Blucora Should Still Have Room To Run

| About: Blucora, Inc. (BCOR)
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After yet another earnings beat -- its third in the last five quarters -- shares of Blucora (NASDAQ:BCOR) are trading near their highest levels in some five years, closing Tuesday at $17.65. The stock has fallen over 6 percent in the first two sessions this week; that drop may be due to some profit-taking after a 21% gain following the release of first quarter earnings on May 2.

Still, Blucora shares have outperformed recently, with shares better than double their levels of late 2011. But even with the improved valuation, the company's fundamentals still look impressive. Trailing non-GAAP earnings are $1.90 per share, putting the trailing P/E below 10, while the company's net cash balance of $126 million represents nearly $3 per share on the books. (Trailing earnings of 81 cents on a GAAP basis offer a much higher multiple, but include substantial acquisition-related costs.) Trailing twelve-month free cash flow is $56.4 million, nearly 10 percent of the company's enterprise value, which sits around $580 million.

And yet, Blucora has posted outstanding growth rates of late; total revenue grew 78 percent year-over-year in 2012, and 43 percent in the first quarter of 2013. Revenue growth is projected to slow in the second quarter, according to the company's guidance, due in large part to stronger comparables; but net sales for the quarter are still guided for roughly 15% growth at the midpoint of guidance, though non-GAAP and GAAP earnings are expected to be flat year-over-year.

Some of that growth was purchased through the company's early 2012 acquisition of do-it-yourself tax provider TaxACT; but much of it has come organically, from the company's legacy search business. The search segment -- which still operates under the InfoSpace name; Blucora changed its corporate name nearly a year ago -- grew revenue by 51 percent and earnings by 35 percent in 2012, according to the company's fourth quarter release.

To be fair, few expect that level of growth to continue going forward. Even the company guided in its second quarter conference call for full-year search segment revenue growth of "approximately 10%," which would appear to project low single-digit growth in the last three quarters of 2013. Tougher comps from a year ago explain part of the slowdown in top-line growth; but another key factor appears to be new policies for advertising partners instituted by Google (NASDAQ:GOOG) last month. These policies were meant to target purveyors of downloadable software that include search toolbars, additional pop-ups, and other online advertising tactics, such as AVG Technologies (NYSE:AVG) and Perion Networks (NASDAQ:PERI) (among many others).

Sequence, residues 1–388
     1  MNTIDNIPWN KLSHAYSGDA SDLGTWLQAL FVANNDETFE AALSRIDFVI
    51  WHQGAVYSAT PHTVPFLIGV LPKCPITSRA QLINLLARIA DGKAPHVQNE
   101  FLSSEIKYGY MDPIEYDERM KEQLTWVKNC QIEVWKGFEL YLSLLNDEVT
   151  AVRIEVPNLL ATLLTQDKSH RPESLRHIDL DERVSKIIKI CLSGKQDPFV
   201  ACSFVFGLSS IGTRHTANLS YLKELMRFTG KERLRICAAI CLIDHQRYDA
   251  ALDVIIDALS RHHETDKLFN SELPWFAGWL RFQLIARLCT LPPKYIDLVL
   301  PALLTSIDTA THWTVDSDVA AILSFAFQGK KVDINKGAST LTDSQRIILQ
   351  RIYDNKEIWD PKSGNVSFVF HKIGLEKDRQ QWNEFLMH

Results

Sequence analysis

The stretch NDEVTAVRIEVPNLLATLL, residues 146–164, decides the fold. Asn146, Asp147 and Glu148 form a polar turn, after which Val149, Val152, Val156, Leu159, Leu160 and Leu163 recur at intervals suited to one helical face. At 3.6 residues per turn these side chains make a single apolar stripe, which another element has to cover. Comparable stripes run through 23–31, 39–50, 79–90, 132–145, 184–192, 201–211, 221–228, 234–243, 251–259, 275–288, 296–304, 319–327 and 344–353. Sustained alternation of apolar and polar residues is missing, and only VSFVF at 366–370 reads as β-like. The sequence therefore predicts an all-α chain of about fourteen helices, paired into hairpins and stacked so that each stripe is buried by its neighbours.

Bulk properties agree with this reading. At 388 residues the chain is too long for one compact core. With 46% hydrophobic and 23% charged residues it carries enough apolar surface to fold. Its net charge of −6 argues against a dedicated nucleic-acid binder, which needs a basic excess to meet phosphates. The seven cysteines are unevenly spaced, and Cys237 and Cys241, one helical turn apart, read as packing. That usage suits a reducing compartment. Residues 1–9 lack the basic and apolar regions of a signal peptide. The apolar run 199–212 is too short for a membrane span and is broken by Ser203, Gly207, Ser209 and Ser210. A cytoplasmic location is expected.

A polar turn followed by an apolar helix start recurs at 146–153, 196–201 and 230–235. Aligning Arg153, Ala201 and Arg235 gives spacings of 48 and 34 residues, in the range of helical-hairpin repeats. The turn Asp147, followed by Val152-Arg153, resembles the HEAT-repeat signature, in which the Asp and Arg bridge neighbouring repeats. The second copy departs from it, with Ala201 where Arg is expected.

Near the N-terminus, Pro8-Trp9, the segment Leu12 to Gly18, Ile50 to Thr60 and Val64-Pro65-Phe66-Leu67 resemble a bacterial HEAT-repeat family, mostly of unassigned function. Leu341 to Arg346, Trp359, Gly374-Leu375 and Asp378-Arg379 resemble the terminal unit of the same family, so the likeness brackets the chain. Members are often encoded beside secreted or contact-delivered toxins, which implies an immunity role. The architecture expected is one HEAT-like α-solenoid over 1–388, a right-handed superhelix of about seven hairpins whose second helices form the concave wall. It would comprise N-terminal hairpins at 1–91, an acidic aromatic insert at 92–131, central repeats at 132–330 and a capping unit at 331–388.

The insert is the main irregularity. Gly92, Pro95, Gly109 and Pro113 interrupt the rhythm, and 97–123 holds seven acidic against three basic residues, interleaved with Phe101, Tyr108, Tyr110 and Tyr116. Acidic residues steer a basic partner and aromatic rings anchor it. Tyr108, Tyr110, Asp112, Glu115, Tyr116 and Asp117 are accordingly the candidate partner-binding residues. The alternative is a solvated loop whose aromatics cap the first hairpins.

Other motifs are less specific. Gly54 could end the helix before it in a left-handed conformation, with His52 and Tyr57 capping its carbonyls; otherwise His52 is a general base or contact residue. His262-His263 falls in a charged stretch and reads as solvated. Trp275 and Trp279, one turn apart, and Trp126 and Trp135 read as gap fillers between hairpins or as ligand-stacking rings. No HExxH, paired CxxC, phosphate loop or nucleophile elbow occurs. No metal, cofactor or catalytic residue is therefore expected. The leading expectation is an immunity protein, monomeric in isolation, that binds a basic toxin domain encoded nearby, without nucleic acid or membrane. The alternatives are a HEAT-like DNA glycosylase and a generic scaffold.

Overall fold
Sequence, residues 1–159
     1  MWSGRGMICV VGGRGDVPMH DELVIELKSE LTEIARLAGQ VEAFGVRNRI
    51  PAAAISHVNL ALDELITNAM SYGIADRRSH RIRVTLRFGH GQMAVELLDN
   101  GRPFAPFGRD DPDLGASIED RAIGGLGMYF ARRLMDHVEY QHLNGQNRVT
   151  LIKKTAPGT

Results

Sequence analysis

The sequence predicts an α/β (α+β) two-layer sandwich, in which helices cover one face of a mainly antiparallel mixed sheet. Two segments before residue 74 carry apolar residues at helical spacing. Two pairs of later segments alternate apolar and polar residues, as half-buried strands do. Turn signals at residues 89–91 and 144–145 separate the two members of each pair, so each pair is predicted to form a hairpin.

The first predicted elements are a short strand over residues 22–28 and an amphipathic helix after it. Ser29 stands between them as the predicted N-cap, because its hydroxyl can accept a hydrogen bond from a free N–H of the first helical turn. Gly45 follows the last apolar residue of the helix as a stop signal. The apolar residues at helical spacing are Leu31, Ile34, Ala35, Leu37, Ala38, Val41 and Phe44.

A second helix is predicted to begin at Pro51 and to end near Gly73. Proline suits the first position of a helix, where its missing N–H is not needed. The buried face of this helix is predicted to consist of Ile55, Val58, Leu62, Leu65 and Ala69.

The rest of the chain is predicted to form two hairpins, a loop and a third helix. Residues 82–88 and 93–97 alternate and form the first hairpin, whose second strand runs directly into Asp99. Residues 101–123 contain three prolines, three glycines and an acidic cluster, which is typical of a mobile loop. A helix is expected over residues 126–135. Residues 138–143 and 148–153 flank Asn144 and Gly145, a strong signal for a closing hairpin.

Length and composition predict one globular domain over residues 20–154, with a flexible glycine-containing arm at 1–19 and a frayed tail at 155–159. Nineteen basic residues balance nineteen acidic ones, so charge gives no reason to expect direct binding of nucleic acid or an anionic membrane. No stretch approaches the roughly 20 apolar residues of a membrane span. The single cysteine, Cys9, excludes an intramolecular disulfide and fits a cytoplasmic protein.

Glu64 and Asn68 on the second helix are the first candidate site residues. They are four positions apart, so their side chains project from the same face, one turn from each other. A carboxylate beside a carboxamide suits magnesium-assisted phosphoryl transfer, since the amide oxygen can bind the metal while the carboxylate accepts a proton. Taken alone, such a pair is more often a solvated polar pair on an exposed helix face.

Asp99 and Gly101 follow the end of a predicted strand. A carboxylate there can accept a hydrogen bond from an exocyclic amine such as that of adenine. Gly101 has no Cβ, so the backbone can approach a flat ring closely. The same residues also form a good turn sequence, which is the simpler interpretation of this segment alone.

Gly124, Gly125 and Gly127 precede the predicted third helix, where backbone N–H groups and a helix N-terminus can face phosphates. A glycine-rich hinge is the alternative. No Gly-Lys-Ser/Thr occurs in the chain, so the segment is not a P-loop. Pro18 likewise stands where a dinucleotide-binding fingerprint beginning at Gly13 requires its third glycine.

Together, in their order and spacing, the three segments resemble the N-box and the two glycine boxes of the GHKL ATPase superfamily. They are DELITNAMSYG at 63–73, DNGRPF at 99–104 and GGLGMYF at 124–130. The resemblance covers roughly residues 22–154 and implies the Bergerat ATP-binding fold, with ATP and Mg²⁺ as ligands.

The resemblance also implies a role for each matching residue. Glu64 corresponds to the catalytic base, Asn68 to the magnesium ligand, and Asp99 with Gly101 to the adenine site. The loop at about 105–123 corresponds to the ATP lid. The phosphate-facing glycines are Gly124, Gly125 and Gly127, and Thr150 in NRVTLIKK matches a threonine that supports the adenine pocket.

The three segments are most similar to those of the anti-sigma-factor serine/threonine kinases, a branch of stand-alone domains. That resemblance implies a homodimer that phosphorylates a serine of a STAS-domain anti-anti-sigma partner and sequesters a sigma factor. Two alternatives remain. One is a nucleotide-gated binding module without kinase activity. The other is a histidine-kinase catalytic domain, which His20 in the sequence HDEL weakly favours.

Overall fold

Blucora's search business partners with many distributors of such content, and it expects the effect of Google's policy changes to trickle down to its business. In its most recent 10-Q the company wrote that:

We expect revenue growth in our distribution partner network to slow, possibly significantly, in the second half of 2013, as the impact of the policy changes implemented in the current quarter by...Google..take effect...Revenue from these distribution partners [those who acquire end users through downloadable programs] currently and historically represents less than 50% of total search segment revenue.

On the conference call, CEO Bill Ruckelshaus attempted to mollify some concerns about the change, noting in his remarks that "these changes, while introducing transitions and tough comparisons for us this year, are long-term positive for the market and for InfoSpace." In the Q&A section of the call, he elaborated in response to an analyst question:

[I]t is our expectation, and it has been our experience in the past, that as we move through rules changes, we move through implementation changes, there's a transition period. Some partners are able to make that transition, others struggle, others stop becoming really present and ultimately stop becoming partners of ours. And so, at this point, it continues to be our view that a number of our stronger partners will make this transition, not without some degree of interim impact, but ultimately will figure it out.